First, Ask Why

Understanding The Reason Behind A Project Helps You Prioritize Its Value - By Ian Harvey, PMP

I used to have a line on my CV about delivering scope on time and within budget. I was very proud that I'd rigorously defended my projects against scope creep. But I was missing the point. The real reason organizations undertake projects is to achieve value.

Focusing on value delivery should always be at the front of project managers’ minds.

The agile movement intrinsically understands this—its core principles acknowledge that requirements will change as understanding grows. But even classic agile tools and concepts—like the burn up (or burn down) chart and the cone of uncertainty—are often scope-oriented.

To shift the emphasis, the most important question project managers should ask themselves about any project is not “What are we delivering?” but “Why are we doing this project?” The reason for the project could include increasing revenue or market share, reducing costs or meeting a regulatory mandate. When you understand the outcome your organization or client is seeking, you know where to direct your team and efforts.


One challenge with this “value-not-scope” approach is measuring success.

I recently worked on a project that had a goal to increase user engagement on a website. This would be measured by the number of users the site attracted on a monthly basis. However, this data would be gathered 18 months after the project was due to be completed. I wanted to make sure that the project was delivering value, not just scope, before that point.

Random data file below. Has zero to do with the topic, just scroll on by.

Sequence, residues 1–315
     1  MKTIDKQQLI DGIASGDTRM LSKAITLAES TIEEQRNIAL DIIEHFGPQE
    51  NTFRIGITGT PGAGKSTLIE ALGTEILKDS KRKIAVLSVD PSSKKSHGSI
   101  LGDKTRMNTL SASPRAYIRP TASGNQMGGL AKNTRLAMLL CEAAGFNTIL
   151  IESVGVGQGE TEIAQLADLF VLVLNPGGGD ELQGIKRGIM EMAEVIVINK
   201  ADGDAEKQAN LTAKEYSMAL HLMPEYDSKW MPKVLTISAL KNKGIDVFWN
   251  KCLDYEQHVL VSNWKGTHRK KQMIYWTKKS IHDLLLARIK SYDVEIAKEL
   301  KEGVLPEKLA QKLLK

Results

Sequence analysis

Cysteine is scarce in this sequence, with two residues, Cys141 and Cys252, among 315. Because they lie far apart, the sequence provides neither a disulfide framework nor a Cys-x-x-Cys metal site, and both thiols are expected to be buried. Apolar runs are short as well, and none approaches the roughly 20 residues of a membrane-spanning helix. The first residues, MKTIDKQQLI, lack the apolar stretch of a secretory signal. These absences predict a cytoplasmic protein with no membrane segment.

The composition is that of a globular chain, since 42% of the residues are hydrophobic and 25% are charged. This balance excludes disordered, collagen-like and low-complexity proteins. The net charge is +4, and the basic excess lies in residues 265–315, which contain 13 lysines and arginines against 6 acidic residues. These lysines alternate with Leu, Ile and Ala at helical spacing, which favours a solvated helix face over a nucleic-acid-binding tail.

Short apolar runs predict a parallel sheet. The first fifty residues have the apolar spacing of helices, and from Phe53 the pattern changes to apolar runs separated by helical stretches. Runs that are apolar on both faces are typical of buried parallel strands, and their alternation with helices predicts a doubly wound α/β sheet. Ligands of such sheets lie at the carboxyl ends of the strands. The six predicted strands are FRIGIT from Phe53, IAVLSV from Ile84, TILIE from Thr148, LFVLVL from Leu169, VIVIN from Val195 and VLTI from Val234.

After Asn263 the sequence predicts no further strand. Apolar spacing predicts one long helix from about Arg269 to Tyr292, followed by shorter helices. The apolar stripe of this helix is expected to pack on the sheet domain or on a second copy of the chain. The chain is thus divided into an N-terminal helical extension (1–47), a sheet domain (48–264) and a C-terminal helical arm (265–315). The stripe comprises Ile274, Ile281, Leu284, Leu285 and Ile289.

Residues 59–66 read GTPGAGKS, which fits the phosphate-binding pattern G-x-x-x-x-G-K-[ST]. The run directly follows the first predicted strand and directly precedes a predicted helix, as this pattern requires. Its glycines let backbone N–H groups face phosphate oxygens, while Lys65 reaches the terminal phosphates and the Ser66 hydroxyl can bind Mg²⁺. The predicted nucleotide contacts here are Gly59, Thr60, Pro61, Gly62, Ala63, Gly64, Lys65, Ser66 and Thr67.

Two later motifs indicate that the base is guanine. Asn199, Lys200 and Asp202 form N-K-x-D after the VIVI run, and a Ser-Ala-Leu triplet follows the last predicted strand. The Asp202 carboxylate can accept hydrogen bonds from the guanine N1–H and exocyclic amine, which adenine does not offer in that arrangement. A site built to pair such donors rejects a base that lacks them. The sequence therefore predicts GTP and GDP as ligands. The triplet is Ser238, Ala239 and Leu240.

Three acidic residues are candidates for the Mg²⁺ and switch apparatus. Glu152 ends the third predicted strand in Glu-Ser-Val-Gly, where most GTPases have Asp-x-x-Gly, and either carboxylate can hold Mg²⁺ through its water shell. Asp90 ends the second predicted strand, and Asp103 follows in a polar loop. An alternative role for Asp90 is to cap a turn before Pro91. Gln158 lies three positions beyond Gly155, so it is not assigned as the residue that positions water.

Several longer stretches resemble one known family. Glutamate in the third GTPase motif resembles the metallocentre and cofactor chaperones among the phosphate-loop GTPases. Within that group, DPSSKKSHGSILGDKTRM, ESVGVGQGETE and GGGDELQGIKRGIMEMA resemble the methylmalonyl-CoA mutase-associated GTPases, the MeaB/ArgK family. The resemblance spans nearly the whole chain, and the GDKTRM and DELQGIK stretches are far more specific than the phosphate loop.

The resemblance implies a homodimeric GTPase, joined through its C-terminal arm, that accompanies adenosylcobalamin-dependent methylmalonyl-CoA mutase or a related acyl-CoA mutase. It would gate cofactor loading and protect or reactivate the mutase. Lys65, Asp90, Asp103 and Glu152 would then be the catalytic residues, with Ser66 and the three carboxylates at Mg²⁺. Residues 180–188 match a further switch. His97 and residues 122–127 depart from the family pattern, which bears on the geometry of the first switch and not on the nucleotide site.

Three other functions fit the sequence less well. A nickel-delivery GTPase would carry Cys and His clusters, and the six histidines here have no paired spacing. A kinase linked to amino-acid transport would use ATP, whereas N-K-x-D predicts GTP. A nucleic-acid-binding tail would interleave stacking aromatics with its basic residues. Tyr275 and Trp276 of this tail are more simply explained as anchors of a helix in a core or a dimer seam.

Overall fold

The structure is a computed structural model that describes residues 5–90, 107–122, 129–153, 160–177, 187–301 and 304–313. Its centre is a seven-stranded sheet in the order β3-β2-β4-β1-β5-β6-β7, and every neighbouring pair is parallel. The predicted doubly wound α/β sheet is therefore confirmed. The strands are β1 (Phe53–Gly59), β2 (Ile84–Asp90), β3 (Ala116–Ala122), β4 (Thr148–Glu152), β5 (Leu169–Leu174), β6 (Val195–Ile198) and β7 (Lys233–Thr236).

Our project team settled on a few key measures. We assessed the quality of the website through continuous user research and tracked the results against projections. We defined goals for transaction times and measured those. We regularly assessed the product functionality against market leaders. We also relied heavily on web analytics to assess how users engaged with the website, in particular using A/B testing to compare how people interacted with new web pages compared to existing pages.

Defining and reporting against these measures was far more challenging than simply relying on scope, time and cost, but the process gave us much more confidence that we were delivering business value. This approach requires very rigorous thinking and a real understanding of what it takes to deliver success. In my experience, the ability to help define drivers of success is one of the skills that makes a project manager a great business partner.

Focusing on value delivery should always be at the front of project managers’ minds. Frankly, that's why we're here.

Ian Harvey, PMP, is senior director of program management at Elsevier, London, England.

Source: PM Network 01/2018 - 2018 JOBS REPORT

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